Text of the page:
Report - - USAF/RAF - Grafton Underwood - Feb 2014 | Military Sites | 28DaysLater.co.uk

Report - USAF/RAF - Grafton Underwood - Feb 2014


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28DL Full Member
This felt like a treasure hunt more than an explore, I had no idea of where anything was here so spent a good 3 1/2 hours just walking around the forest and surrounding areas. Found lot's air raid shelters (I believe they are called Stanton shelters?) probably 9 in total.
On me todd this explore was!
I have pictures of the pillboxes although they are on another device so haven't been uploaded, I also found the Op's room but it was too dark by that time so no pictures I'm afraid.

Weather was pretty bleak, bloody good job I took wellies :thumb


RAF use

The airfield was opened in 1941 and was first used by the RAF Bomber Command 1653 Heavy Conversion Unit with Liberators. The original runways were approximately 1,600 yards and 1,100 yards in length. However, these were unsuitable for the operation of heavy, four-engined bombers and the field was upgraded to Class A airfield standards, including the lengthening of the runways to the required 2,000 yards for the main and 1,400 yards for each of the others, started in late 1942.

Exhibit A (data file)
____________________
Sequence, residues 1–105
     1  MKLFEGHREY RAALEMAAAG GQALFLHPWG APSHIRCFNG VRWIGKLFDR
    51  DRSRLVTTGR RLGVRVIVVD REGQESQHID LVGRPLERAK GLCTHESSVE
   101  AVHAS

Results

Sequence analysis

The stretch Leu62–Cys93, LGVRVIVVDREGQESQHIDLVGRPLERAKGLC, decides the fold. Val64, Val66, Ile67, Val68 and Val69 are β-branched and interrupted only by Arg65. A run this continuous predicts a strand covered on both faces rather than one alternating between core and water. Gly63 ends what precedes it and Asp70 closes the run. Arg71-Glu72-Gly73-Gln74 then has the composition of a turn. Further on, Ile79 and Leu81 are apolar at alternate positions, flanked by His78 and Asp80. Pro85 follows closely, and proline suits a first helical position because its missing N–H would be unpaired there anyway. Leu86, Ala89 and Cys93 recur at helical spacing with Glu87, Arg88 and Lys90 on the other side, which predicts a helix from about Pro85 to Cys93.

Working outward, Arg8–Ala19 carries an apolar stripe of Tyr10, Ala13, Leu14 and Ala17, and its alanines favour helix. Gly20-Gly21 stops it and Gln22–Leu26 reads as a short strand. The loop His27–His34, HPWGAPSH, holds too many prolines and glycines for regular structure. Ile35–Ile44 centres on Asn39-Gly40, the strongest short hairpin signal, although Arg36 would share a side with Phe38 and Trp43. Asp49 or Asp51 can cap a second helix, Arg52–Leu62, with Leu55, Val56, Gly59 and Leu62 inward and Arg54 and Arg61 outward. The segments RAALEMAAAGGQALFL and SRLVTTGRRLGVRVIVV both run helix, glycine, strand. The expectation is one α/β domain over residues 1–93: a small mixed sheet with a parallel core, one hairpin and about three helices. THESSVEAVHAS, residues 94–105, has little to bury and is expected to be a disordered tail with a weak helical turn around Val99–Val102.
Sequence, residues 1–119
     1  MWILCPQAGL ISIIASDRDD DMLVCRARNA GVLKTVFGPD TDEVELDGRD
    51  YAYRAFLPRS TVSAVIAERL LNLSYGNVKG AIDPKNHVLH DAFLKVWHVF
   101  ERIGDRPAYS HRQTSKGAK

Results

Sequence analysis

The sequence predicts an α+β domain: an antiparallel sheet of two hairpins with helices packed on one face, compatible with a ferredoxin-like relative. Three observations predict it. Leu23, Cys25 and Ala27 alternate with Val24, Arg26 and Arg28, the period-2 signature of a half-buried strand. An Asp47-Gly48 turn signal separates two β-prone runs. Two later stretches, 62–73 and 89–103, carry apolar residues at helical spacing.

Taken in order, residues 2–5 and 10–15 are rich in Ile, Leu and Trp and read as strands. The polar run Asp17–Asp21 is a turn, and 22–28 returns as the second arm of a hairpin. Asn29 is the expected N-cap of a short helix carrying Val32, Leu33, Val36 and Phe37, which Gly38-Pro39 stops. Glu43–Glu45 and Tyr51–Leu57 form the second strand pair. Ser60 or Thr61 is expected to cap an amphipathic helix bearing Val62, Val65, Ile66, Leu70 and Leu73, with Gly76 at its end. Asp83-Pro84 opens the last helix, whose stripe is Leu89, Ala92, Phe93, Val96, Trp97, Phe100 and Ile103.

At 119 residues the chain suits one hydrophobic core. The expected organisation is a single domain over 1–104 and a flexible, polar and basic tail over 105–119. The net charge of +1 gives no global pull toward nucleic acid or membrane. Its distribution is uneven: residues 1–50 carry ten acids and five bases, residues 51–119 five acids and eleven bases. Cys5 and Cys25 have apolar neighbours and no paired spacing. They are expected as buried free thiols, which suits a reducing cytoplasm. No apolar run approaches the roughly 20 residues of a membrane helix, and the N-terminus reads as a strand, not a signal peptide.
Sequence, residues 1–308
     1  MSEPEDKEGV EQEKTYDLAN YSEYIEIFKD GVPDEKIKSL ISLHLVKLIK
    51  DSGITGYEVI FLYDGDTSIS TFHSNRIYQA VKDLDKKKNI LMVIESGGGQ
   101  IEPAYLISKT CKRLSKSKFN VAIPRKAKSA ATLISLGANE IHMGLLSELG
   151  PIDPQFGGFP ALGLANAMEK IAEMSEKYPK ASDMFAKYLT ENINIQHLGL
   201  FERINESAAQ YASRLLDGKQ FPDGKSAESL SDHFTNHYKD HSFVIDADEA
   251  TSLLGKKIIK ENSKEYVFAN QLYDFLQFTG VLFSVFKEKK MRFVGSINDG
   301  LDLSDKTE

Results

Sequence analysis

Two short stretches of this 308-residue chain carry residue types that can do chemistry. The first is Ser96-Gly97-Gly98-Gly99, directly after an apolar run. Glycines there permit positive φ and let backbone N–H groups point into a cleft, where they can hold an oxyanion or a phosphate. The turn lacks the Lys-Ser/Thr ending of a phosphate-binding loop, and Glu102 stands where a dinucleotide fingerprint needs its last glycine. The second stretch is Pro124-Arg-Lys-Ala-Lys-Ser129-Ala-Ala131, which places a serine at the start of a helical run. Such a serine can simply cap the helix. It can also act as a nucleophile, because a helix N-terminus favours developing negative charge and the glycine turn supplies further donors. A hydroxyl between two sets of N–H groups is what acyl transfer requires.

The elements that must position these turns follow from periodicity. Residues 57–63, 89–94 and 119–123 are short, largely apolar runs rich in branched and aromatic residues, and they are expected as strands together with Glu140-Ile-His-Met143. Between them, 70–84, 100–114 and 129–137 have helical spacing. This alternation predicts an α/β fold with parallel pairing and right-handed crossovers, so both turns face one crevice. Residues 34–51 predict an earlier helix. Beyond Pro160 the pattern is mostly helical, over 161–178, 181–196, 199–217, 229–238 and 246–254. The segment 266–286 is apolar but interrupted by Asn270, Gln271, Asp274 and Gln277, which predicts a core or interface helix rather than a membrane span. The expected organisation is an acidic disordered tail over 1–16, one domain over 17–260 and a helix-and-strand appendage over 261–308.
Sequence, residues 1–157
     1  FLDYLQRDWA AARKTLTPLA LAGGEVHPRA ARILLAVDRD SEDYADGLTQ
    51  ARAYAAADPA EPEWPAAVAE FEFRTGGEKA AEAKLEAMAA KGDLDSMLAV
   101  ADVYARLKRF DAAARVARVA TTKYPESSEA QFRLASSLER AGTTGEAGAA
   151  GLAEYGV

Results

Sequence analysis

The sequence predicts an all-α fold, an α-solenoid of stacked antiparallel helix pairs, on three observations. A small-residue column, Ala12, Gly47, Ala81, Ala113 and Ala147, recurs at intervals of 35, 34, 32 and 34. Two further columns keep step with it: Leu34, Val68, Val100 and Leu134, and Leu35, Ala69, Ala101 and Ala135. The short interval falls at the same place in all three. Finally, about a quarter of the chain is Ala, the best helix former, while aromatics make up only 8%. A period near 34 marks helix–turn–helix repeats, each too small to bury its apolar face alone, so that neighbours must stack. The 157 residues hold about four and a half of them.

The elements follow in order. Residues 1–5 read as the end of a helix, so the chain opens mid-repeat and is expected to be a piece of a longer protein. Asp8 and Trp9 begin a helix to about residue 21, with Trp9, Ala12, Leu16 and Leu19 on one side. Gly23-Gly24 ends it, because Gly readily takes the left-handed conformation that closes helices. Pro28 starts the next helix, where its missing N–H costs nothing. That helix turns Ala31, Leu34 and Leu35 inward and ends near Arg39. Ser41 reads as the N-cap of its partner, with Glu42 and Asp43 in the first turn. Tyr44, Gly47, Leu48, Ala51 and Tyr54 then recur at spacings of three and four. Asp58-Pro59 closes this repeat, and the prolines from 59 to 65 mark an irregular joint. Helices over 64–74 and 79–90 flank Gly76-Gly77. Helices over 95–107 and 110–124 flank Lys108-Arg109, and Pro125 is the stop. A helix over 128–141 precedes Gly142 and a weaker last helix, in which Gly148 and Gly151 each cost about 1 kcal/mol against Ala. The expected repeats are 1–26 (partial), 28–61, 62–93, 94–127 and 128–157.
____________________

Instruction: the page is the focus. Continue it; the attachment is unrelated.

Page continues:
Grafton Underwood was assigned United States Army Air Force Eighth Air Force in 1942. Its designation was USAAF Station 106.

Subsequently used by 15th Bombardment Squadron (Light), 97th Bombardment Group (Heavy), 305th Bombardment Group (Heavy), 96th Bombardment Group (Heavy) and 384th Bombardment Group (Heavy) during WW2.

Postwar Air Ministry use

After the war, Grafton Underwood was used for vehicle storage with No. 236 Maintenance Unit employing up to two hundred civilian drivers and mechanics. The unit at the airfield repaired and stored thousands of Air Ministry vehicles which were sold at monthly public auctions. The airfield was finally declared surplus to requirements and closed on 1 February 1959.

Civil use

With the end of military control, Grafton Underwood airfield was returned to agricultural use, however some old buildings remain, in varying condition. Most of the concreted area of the airfield has been removed, except for some single-track agricultural roads which were part of the perimeter track and runways. Several frying pan and at least one double-loop hardstand remains on the north side of the airfield on private farmland. Woods now cover much of the site and these are open to the public. A memorial was installed at the airfield site in the 1990s

On with the pictures :)



Car bonnet!



One of the many air raid shelters


Exterior shot






Havent got a clue of what this would have been?


Toilet block!


This was so random, a safe in the middle of nowhere!




I can't work out whether this is part of the old site or an old farm?




The bog shot had to be done!!!


I understand their are alot of pictures, I just wanted to show you guy's the scale of the site.
Cheers people :thumb

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